A newly designed viral vector has shown promise for effectively delivering genes into the cells of patients with sickle cell disease.

Sickle cell anaemia is when a faulty gene causes the structure of haemoglobin to mutate and distort the shape of red blood cells, significantly hindering the transport of oxygen around the body. It is significantly more common in African-descended populations. Gene therapy holds huge potential for sickle-cell treatment as if the healthy haemoglobin gene can be edited into the cell, its oxygen carrying capacity would be restored.

The current method for treating sickle cell using gene therapy involves harvesting blood producing stem cells from the patient, gene editing of the cells using viral vectors and then transplanting the edited cells back into the patient. However, the gene editing stage is far from optimised.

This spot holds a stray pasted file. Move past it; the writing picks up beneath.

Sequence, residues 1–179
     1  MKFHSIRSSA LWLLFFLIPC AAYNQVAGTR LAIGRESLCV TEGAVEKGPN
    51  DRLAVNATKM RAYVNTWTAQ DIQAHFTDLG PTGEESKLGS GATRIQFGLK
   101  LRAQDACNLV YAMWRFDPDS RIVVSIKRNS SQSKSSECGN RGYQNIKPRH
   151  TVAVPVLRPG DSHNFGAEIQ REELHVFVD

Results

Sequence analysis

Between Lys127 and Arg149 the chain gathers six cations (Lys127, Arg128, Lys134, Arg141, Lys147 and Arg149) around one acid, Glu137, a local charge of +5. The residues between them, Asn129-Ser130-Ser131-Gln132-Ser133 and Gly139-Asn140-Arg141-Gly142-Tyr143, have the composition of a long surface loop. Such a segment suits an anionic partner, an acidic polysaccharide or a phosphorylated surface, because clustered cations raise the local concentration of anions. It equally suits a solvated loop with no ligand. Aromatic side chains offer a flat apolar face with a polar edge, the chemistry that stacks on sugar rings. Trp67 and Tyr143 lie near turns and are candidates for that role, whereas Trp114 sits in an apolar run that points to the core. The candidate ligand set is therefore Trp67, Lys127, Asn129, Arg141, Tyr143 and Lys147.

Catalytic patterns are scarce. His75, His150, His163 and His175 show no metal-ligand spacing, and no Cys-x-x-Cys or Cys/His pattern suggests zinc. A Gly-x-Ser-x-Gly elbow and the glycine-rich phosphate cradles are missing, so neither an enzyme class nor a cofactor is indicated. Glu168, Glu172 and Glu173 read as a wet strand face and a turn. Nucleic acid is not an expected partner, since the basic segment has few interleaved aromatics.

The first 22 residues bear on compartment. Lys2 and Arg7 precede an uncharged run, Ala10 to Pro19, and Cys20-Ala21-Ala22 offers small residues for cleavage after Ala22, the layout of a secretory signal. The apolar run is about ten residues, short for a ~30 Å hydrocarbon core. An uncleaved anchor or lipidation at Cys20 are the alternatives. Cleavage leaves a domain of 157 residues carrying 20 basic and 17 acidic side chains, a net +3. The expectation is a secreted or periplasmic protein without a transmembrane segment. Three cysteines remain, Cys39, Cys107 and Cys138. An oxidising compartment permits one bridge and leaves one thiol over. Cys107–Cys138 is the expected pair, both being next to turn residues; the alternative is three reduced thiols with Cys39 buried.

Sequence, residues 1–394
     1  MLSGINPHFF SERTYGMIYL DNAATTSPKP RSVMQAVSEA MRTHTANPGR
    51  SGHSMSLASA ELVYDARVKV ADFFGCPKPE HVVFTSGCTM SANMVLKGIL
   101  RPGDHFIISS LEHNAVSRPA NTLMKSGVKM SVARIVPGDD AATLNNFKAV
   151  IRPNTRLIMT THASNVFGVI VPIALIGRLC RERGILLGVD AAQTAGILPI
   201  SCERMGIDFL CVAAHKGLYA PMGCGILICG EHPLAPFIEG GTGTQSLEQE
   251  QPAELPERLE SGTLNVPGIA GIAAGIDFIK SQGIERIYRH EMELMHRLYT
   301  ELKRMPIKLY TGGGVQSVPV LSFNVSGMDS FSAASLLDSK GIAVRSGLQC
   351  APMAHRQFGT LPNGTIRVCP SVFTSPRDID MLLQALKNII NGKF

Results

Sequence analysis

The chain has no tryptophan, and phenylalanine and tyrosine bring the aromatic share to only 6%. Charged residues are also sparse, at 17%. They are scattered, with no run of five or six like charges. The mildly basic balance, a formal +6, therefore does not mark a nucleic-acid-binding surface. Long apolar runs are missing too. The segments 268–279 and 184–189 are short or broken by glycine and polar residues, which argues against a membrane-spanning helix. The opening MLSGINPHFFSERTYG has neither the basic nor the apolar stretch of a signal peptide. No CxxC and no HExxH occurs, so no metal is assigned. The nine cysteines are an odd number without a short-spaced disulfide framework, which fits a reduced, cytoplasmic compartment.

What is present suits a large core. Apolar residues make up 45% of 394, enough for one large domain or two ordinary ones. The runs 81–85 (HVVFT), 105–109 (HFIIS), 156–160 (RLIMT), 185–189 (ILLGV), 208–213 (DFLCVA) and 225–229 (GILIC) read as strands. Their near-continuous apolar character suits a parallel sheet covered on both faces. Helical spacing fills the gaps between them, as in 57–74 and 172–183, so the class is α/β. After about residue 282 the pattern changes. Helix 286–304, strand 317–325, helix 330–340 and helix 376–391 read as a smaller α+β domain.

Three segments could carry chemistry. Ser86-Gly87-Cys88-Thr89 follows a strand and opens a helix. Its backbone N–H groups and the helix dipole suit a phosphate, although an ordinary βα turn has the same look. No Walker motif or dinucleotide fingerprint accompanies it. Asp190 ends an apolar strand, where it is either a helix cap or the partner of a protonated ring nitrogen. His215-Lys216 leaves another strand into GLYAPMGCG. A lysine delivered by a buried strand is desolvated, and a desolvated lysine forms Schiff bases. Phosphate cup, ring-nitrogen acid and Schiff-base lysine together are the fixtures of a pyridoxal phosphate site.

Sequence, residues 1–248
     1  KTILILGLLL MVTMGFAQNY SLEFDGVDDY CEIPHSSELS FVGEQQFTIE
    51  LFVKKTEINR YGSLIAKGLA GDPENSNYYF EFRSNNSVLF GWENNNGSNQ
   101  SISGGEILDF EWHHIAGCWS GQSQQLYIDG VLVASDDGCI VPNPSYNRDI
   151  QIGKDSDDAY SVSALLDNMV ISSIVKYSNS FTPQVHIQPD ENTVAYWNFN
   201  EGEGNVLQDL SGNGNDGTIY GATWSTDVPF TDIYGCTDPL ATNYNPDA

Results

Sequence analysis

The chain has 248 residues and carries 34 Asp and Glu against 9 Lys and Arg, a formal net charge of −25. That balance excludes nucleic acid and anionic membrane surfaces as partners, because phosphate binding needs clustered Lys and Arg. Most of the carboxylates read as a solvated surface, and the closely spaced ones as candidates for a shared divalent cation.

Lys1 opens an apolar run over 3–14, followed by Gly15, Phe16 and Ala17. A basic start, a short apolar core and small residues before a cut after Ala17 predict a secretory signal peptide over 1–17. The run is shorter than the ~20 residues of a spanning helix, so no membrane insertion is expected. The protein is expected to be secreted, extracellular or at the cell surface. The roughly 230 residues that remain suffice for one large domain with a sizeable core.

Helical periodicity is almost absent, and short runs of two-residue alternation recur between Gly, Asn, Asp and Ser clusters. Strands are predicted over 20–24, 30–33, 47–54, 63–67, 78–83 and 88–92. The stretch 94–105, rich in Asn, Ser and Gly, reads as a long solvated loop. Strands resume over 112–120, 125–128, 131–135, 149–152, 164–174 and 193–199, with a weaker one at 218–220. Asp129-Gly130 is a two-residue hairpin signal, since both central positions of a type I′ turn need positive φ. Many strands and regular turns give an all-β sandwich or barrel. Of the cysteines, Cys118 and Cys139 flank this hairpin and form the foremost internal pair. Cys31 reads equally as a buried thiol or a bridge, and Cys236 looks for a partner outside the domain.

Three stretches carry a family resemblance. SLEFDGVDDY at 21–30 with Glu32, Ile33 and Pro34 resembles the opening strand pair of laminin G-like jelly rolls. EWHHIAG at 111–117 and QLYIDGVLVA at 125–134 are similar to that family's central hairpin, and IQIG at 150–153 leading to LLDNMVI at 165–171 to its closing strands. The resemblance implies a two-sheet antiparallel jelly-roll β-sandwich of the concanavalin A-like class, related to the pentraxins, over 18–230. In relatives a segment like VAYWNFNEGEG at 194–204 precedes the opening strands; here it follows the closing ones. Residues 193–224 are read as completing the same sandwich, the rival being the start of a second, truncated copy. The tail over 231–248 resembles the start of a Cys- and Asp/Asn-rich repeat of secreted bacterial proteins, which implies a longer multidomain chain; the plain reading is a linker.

The β-globin gene is essential to restore haemoglobin function in sickle-cell but it must be inserted alongside intron-2, which promotes its expression. However, Intron-2 gets ‘clipped out’ during the gene editing process if the gene is left in the natural forward direction. Editing the gene in the backwards direction results in a lower proportion of cells being successfully edited, lowering treatment efficacy.

The new viral vector enables the β-globin gene to be read forward, without disrupting intron-2. It displayed four-to-ten times higher transduction efficiency, although more vectors were required to infect each cell. The edited stem cells successfully produced β -globin. The new vectors displayed long term efficacy, remaining in cells four years after transplantation. They can also be produced more rapidly and at larger scales than conventional vectors, which is ideal for mass manufacture.

Sickle cell affects 100,000 people in the US alone and an effective gene therapy treatment could permanent relief to this disease.